by Lily Bessette
On October 15, 2015, the Church in the 21st Century Center hosted an event concerning the future after Pope Francis’ visit to the United States. The moderator of the panel discussion was Thomas Groome, Director of the C21 Center. The panel was comprised of Steve Pope, Ken Himes, and Catherine Cornille.
The discussion began with an introduction by Thomas Groome. He announced that Pope Francis’ election was a new paradigm that brought a “sense of a new day in both style and substance.” Groome says that Pope Francis has “lifted the embargo on conversation” and has been raising many questions, some of which concern cohabitation before marriage and LGBT rights in spirituality.
Steve Pope has written several books and is a professor in Boston College’s Theology Department. Steve Pope is impressed by the Pope’s style, charisma, and genuine Christian character. Pope Francis’ piety, teaching, and actions are reflections of his understanding of mercy. Pope Francis “wants us to realize that we are recipients of God’s love,” said Steve Pope. For the Pope, the Gospel really means Good News because it means “we don’t need to earn our worth.” He also commented on how the Pope’s style is “affective rather than cognitive or abstract.” The ethic of accompaniment that Pope Francis practices is “walking the way with others, he is not ahead or behind the others, but fully with them.” The Church is a place for dialogue and empowerment and is not and should not be a top-down institution.
Next, Ken Himes, a Franciscan priest and associate professor in Boston College’s Theology Department, started by introducing three topics: “the risks of celebrity culture, the spiritual culture of response, and the separation of person of papacy and the office of papacy.” He explained that being a celebrity means someone is famous for being famous, giving the example of the Kardashians. The media argues that they only report the news rather than make the news, but Himes argues that this is not true because the news is dependent on the media’s choices. During the Pope’s visit there was so much coverage throughout the media that the story of the Pope’s visit became focused on his fame instead of his character. Himes says that he doesn’t “want a pope who is in competition for attention with Caitlyn Jenner.”
Many Americans report being spiritual, but not religious. Himes poses this question: “Why do Catholic adults have such a hard time finding a parish to call home?” Himes is “unconvinced that churches now aren’t any more prepared to fill spiritual hunger than churches before.” Himes states that “there is a spiritual hunger and energy out there, but can the Church satisfy this hunger and channel this energy?”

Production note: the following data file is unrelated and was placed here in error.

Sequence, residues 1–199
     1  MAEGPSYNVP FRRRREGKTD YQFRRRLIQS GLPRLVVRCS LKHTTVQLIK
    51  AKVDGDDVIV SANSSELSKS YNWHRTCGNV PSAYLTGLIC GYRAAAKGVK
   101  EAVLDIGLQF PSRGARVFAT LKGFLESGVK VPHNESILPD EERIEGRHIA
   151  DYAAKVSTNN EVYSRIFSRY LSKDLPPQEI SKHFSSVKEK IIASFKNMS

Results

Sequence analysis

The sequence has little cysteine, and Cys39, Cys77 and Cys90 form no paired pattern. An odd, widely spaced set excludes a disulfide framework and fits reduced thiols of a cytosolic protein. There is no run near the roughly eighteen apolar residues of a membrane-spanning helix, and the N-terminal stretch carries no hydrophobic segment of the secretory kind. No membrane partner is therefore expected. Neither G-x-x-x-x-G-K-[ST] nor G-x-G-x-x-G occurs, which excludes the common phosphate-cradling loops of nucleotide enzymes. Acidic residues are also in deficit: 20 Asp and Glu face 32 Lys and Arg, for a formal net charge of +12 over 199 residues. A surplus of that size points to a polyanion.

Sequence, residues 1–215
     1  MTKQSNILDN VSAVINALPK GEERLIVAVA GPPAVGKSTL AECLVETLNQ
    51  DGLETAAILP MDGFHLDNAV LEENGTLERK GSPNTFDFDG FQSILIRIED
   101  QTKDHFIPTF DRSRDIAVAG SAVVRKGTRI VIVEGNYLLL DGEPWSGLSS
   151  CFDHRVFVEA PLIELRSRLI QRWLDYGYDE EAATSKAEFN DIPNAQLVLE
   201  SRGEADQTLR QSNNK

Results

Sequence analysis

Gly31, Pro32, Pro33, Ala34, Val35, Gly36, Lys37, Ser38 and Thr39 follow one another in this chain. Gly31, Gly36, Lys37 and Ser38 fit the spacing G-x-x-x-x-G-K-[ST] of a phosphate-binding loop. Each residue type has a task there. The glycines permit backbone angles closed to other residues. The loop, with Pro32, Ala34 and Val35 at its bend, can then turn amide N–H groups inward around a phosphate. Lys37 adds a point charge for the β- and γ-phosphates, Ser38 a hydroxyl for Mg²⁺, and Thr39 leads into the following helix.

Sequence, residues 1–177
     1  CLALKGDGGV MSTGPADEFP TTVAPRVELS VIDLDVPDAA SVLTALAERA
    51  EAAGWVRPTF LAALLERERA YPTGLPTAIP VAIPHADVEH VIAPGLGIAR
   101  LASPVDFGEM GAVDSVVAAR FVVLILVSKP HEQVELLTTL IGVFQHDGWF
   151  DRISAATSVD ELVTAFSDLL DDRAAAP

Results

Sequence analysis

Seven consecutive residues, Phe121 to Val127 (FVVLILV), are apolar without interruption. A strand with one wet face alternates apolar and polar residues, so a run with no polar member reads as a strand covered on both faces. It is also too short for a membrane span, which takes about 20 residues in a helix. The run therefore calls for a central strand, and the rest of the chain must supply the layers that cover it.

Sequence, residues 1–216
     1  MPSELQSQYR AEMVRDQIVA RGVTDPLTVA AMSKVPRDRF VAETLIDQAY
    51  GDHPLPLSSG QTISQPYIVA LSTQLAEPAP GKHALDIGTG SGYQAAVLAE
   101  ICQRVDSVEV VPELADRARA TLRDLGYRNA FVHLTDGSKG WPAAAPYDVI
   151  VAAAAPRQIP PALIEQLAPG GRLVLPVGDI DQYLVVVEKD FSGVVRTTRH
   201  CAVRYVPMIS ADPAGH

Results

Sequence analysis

Himes explained that Pope Francis is shaping the papal office and how it should be for the future. He says that changes include renewed faithfulness to the poor and promoting overall openness in the Church. A main concern is that these changes the Pope has made will fade once Pope Francis is no longer pope.
Finally, Catherine Cornille, the Newton College Alumnae Chair of Western Culture, professor in Boston College’s Theology Department, spoke about how the Pope has an “openness to other religions” and “attaches a lot of importance in example and in teachings.” The Pope washed the feet of a Muslim girl, prayed at the waiting wall with Jewish people, and made an unplanned entrance into a Buddhist temple in Sri Lanka. Cornille is very interested in the Church’s focus on dialogue with other religions. She spoke about the prayer meeting of multiple religions at Ground Zero, the Pope’s condolences to the Muslim people for a tragedy at Mecca that claimed lives of many pilgrims, and the Pope’s unprompted blessing of the statue that symbolizes and celebrates the unity of the Catholic-Jewish faith at Saint Joseph’s University in Philadelphia. Cornille argues that the “interreligious friendship shown in [Pope Francis’] personal life is the basis for the inter-dialogue of the Catholic Church with other religions.”
The panel ended with a discussion about whether these sentiments of openness, opportunity, and optimism, like the excitement after the Second Vatican Council, will last. Thomas Groome began to answer the question “will it last?” by saying that Pope Francis will be “a difficult act to follow, but for someone to come in and go back on progress is ludicrous.” Steve Pope believes that progress “will last more deeply as the Pope lives and as more bishops are appointed that are both good and attractive of more good priests.” Catherine Cornille explained that the thirst for spiritual models of wisdom and depth is fulfilled by the spiritual exemplar of the Pope. Cornille concludes, “The continuity of the Church will depend on the formation of more people with this charisma and intelligence.”